Tuesday, 24 April 2012

Elections – From Rushmere Ward, Ipswich to Sangin Afghanistan (and then back to Rushmere)



I write this new post with just a week to go after a month of long, hard campaigning.

I won Rushmere Ward for the first time in 2008 that was after being the runner up in 2006 and 2007. The night of the count seems a very distant memory but I just remember the nerves, the excitement and most of all the pride in winning- even if it was only by 13 votes.

I love elections and campaigning but this election in 2012 will be very different to the election I was involved in during 2009.

That summer I found myself back with the army for a year and acting as the Operations Warrant Officer with 2 Rifles. We found ourselves based in Sangin in the Helmand Province and in seven months we had many of our regiment wounded and 25 of our battle group paid the ultimate sacrifice.

But on the 20th August 2009, the Afghan people were able to vote in their second presidential election. But instead of knocking on doors and delivering leaflets I found myself involved in planning a massive security operation that would enable the people of Sangin to vote.

The Taliban had other ideas. On the eve of the election this year, I will be delivering my last ‘Vote Ross’ leaflets but on the 19th August in 2009, I was stood with my helmet and body armour on as our base, FOB Jackson came under attack from rocket fire. A further 21 rockets would hit our camp over the next 24 hours.

Election day this year, will see me up in the early hours, delivering leaflets, knocking on doors but in Sangin, I spent the morning running up the stairs in the Fire Support tower helping replenish ammunition as we came under constant attack. So heavy was the fighting that we fired a total of 12 Javelin ant-tank missiles at the enemy – just so people could use their democratic right to vote.




From early afternoon though to the early hours of the next morning, I was in the Operations room as we continued to protect Sangin, it was not easy and we lost two men that day. Private Young and Sgt Macalese. I had got to know Mac quite well and we used to sit and try and do the crossword together back in the UK. He was highly rated and would have gone far in the army, his father had been in the SAS and was part of the team that was involved in the Iranian Embassy siege.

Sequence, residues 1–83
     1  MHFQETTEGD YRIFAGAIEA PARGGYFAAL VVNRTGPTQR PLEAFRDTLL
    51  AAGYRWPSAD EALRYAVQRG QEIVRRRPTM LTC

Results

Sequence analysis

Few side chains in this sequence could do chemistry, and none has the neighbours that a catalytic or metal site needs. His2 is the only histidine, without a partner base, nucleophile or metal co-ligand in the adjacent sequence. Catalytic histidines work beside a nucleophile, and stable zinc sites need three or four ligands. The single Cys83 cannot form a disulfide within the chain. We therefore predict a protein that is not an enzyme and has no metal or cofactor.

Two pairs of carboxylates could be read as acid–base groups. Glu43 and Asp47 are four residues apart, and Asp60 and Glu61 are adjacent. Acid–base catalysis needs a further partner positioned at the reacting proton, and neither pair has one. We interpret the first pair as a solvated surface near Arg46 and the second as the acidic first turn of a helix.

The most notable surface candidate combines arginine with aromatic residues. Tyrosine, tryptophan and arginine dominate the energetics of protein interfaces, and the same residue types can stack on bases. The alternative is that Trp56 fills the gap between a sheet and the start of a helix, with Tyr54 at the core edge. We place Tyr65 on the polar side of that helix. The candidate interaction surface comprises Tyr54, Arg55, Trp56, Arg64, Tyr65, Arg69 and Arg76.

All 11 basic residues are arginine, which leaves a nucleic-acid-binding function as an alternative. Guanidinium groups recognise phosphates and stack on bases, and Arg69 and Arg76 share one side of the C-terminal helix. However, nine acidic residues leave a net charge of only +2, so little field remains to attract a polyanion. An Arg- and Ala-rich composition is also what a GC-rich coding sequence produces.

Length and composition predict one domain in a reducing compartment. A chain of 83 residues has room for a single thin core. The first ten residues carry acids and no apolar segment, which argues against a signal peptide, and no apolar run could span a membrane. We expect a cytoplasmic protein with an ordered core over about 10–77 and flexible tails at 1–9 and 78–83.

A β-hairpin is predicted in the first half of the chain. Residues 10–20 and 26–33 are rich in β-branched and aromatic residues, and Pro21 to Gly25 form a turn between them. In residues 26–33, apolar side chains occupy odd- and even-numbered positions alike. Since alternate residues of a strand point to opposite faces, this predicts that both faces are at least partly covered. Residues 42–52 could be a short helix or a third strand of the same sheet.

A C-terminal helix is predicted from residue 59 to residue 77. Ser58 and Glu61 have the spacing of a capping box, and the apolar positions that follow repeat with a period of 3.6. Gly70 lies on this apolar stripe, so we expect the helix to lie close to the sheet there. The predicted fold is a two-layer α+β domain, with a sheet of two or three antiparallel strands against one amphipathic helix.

Sgt 'Mac'

Their loss was felt by many but we had to continue, we had a mission.

In 2008, I gained 1,026 votes as 2,333 people voted in Rushmere, the cost? A few hundred pounds on leaflets, a few blisters and two dog bites.

In 2009 in Sangin, 434 people voted, some of the bravest people I had ever met, they had been threatened by the Taliban, the town had been under attack for over 24 hours but they still went and placed their cross and handed in their ballot paper. The cost? Two dead from 2 Rifles, our camp hit by 22 rockets and in defence we had fired millions of bullets, artillery rounds and 12 missiles.




You do not have to vote in this country, you have that choice because in 1939 our ancestors fought to maintain our freedom but do not take the right to vote lightly, there are many places in this world where the right to vote is still being fought for.

On the 8th April I visited the National Memorial Arboretum in Staffordshire, on the Armed Forces Memorial I saw inscribed the names of Private Young and Sgt Macalese. I will remember that they gave their lives to help 434 Afghans vote. Democracy does not come without sacrifice.

5 comments:

Ken Bates said...

I'm not sure, Alasdair, but are you sure that some of the things you state in this article breach the OSA you signed some years ago?

Alasdair Ross said...

All information is in the public dormain already

Ken Bates said...

Even giving the surname of a member of the SAS team that were involved in the Iranian Embassy job?

Alasdair Ross said...

Again common knowledge - if you look at the coverage of the death, funeral and since. The father has been very open about his past and what he thinks about the conflict

Ken Bates said...

Ah right, didn't know that.